Biz 417's 10 for the Next 10


Executive Director, Discovery Center of Springfield

Hometown: Springfield   |   Twitter: @Rob_Blevins_
Take Note: Blevins developed the idea for Springfield Prom, which was first held in 2014 and is now hosted by the Sertoma Club and the Abou Ben Adhem Shriners. This April, an estimated 1,000 people hit the dance floor and collectively gave around $30,000. 

10 For The Next 10 - 2019 - Rob Blevins - By Brandon Alms
Photo by Brandon Alms

Rob Blevins, 33, grew up alongside seven siblings in generational poverty and wasn’t expected to go to college. The self-proclaimed science nerd could have taken a very different life path were it not for his older brother Scott. That’s why Blevins is determined to help kids thrive as an active Springfield Sertoma Club member, former employee for Big Brothers Big Sisters of the Ozarks and now as a visionary leader at the Discovery Center

“I remember when [Springfield Business Journal] wrote an article basically saying the Discovery Center was closing down—that’s how it read to me anyway. It was a bunch of really bad financial numbers. At the time, I had volunteered to serve on the board. I really wanted to help them raise money and get out of debt, but I was told that my employment was against the conflict of interest policy.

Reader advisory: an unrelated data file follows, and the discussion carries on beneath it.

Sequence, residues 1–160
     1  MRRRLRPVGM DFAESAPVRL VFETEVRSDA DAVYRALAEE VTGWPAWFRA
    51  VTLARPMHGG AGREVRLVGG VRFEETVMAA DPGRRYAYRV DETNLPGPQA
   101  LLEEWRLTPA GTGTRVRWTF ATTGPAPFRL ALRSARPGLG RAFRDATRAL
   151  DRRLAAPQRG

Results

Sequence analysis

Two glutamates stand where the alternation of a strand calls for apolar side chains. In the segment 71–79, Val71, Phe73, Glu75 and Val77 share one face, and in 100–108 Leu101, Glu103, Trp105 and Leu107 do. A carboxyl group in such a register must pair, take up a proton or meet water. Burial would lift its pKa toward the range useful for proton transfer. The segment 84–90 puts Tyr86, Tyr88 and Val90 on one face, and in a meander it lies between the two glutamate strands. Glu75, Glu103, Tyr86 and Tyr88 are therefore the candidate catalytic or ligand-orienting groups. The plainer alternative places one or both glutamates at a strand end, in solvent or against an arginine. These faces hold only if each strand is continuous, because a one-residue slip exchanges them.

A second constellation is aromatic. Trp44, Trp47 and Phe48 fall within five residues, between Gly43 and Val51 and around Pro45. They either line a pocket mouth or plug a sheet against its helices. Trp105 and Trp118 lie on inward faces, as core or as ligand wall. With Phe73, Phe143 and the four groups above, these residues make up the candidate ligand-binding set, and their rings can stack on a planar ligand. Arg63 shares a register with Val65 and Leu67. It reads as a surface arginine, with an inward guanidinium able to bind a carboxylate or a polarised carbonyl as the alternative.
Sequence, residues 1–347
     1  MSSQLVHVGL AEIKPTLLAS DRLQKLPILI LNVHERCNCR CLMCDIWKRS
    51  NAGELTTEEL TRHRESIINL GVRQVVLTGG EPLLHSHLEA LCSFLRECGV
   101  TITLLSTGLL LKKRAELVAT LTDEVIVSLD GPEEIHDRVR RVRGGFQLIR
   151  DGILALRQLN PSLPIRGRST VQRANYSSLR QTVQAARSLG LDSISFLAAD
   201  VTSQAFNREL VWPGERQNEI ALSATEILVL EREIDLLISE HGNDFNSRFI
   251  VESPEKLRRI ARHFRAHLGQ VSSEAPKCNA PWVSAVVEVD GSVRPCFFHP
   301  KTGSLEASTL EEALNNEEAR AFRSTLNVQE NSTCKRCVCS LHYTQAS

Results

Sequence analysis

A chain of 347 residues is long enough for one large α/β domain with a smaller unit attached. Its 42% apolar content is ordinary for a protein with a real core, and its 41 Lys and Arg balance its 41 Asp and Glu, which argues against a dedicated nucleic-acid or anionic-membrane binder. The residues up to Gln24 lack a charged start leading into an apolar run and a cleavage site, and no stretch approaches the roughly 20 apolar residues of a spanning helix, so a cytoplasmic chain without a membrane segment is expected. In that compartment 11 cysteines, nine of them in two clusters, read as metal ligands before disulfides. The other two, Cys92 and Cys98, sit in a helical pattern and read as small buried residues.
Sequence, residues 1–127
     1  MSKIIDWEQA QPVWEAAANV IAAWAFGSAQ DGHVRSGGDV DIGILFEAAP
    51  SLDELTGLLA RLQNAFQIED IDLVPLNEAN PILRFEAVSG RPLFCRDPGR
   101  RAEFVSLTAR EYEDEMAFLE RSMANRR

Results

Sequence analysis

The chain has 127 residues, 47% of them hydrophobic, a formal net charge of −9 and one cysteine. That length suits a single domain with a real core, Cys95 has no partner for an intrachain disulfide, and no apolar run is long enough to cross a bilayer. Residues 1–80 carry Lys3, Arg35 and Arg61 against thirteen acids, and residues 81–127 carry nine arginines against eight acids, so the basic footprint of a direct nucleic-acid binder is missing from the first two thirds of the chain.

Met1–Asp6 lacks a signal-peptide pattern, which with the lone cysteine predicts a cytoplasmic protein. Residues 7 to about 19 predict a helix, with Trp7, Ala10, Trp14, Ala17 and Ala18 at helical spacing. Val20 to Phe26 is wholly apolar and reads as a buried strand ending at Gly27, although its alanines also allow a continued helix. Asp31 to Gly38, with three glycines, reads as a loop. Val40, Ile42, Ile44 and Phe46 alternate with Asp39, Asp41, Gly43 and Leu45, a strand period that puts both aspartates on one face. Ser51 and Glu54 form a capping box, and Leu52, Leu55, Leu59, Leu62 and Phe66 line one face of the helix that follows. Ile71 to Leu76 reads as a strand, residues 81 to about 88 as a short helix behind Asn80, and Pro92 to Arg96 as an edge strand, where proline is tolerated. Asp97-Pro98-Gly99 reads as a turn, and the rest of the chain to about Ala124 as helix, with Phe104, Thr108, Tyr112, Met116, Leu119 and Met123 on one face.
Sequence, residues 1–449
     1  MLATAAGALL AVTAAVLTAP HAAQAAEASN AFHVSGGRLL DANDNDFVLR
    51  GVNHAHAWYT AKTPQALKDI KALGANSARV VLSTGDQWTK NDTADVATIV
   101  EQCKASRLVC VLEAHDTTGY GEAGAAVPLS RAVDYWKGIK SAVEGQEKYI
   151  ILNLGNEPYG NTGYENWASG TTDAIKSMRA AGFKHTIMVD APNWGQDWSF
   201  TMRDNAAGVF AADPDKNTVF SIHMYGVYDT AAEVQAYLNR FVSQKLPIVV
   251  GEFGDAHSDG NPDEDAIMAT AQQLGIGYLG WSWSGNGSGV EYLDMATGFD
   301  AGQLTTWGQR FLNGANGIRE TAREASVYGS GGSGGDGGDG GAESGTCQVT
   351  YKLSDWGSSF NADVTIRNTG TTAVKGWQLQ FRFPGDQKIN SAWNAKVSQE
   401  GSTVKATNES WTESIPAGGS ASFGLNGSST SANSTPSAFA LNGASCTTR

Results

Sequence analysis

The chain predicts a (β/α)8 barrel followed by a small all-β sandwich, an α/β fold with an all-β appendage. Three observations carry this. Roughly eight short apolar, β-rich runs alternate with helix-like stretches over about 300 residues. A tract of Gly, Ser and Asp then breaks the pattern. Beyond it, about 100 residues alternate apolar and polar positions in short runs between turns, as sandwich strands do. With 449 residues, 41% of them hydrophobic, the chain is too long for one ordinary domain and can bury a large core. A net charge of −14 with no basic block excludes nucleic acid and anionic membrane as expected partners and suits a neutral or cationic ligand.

“I came in [as executive director later], and first, I just wanted to figure out what was going on. The organization was without an executive director for months. They have been losing money for years. So my first goal was to make sure we all had paychecks, to make sure I didn’t lose staff. I immediately did some promotions, reorganized the leadership team structure a little bit. [I] looked at the strategic plan and simplified it to three things: to share our story in the community and make it a story worth sharing, increase or create top-line growth while looking at bottom-line reductions to stabilize the financials, then the third piece is to deliver our services to underserved communities, so senior citizens, girls and women in STEM, low-income [people], preschool kids and rural communities.

“General admission and memberships have been on the decline for I don’t know how many years. In the past three years, they’ve been averaging about 20 percent decline. To me [that’s] the canary in the mine—if people aren’t willing to invest in a yearlong membership, your canary’s dead. But we’re seeing double digit growth in those areas right now.”

Big Picture: “I want to see that every kid [has] had the opportunity to get the educational, inspirational resources they need to fulfill the jobs of the future and attract high-paying jobs to Springfield. My dream would be to have a full-blown STEM elementary school attached to the Discovery Center.” 

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